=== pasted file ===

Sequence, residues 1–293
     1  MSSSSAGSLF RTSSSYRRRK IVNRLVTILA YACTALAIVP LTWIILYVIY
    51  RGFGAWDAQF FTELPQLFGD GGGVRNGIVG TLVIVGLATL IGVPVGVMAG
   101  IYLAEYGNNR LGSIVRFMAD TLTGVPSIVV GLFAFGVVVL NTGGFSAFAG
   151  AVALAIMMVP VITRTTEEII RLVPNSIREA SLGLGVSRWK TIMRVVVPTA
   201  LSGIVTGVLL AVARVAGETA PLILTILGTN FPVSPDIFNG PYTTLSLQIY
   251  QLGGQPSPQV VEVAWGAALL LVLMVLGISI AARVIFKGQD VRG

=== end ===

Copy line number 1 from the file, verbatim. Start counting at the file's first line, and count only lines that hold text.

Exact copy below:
Sequence, residues 1–293